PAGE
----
Related topics: stem cells · cells · scaffold · tissue · cartilage

Cell chatter tells story of arterial thickening

Arteries can become thicker due to high blood pressure. However, the cause of this thickening is unclear. TU/e researchers along with colleagues from Trinity College Dublin in Ireland have developed a new computer model to ...

Human urine-derived stem cells have robust regenerative potential

The Wake Forest Institute for Regenerative Medicine (WFIRM) researchers, who were the first to identify that stem cells in human urine have potential for tissue regenerative effects, continue their investigation into the ...

Biochip reduces the cost of manufacturing in vitro skin

Researchers from the Universidad Carlos III de Madrid (UC3M), the Universidad Politécnica de Madrid (UPM) and other entities have designed a new biochip, a device that simplifies the process of manufacturing in vitro skin ...

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Tissue engineering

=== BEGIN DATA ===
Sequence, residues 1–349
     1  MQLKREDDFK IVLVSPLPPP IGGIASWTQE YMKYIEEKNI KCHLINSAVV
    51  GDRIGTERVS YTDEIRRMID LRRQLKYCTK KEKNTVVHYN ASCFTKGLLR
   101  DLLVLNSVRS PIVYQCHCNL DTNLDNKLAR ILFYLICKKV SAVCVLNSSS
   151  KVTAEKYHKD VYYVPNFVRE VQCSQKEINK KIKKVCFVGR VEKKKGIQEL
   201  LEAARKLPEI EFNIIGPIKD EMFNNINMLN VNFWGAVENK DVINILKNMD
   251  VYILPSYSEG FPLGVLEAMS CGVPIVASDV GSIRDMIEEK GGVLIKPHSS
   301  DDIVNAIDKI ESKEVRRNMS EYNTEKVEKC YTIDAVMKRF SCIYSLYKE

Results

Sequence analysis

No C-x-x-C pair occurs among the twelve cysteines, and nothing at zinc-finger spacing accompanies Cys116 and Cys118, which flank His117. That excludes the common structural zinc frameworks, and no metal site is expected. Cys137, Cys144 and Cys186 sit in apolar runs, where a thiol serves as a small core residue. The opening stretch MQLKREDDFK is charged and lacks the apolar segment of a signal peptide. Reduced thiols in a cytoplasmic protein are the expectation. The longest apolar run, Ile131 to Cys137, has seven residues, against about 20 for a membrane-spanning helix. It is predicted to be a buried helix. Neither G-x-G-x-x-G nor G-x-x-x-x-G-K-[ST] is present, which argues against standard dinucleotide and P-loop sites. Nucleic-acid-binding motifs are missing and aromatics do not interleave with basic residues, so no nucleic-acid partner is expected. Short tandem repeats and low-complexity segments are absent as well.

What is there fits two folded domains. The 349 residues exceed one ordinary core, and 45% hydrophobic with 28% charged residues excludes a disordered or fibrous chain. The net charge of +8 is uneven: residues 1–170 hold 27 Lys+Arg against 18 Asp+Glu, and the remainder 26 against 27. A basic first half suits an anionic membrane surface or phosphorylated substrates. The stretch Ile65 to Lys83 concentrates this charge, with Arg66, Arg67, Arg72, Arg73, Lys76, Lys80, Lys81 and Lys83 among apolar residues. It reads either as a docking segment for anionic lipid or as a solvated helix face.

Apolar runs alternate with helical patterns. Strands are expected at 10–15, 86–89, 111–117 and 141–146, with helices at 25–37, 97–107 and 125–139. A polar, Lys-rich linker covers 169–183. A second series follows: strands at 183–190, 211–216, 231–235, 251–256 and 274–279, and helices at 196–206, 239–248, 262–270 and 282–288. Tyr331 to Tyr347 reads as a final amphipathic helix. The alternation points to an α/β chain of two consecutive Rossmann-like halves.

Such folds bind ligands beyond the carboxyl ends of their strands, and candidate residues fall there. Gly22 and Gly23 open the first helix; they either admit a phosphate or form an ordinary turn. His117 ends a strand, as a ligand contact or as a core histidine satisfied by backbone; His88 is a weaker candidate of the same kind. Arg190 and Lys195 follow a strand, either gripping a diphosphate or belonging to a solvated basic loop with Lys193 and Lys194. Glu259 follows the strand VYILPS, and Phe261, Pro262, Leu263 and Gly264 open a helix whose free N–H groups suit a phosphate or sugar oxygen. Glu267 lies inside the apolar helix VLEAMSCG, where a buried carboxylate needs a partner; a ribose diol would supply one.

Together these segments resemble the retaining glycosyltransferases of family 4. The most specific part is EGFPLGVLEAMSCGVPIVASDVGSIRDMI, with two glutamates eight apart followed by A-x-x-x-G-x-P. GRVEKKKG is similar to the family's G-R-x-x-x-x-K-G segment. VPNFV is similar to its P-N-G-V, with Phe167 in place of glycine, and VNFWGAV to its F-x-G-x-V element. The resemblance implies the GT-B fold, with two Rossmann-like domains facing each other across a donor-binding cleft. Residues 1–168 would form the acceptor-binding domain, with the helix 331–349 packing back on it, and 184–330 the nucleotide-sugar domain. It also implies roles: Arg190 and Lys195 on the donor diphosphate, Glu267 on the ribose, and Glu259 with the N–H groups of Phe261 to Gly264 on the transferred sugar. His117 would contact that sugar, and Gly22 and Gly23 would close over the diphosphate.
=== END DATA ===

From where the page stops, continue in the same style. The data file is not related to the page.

Tissue engineering was once categorised as a subfield of Biomaterials, but having grown in scope and importance it can be considered as a field in its own right. It is the use of a combination of cells, engineering and materials methods, and suitable biochemical and physio-chemical factors to improve or replace biological functions. While most definitions of tissue engineering cover a broad range of applications, in practice the term is closely associated with applications that repair or replace portions of or whole tissues (i.e., bone, cartilage, blood vessels, bladder, etc.). Often, the tissues involved require certain mechanical and structural properties for proper functioning. The term has also been applied to efforts to perform specific biochemical functions using cells within an artificially-created support system (e.g. an artificial pancreas, or a bioartificial liver). The term regenerative medicine is often used synonymously with tissue engineering, although those involved in regenerative medicine place more emphasis on the use of stem cells to produce tissues.

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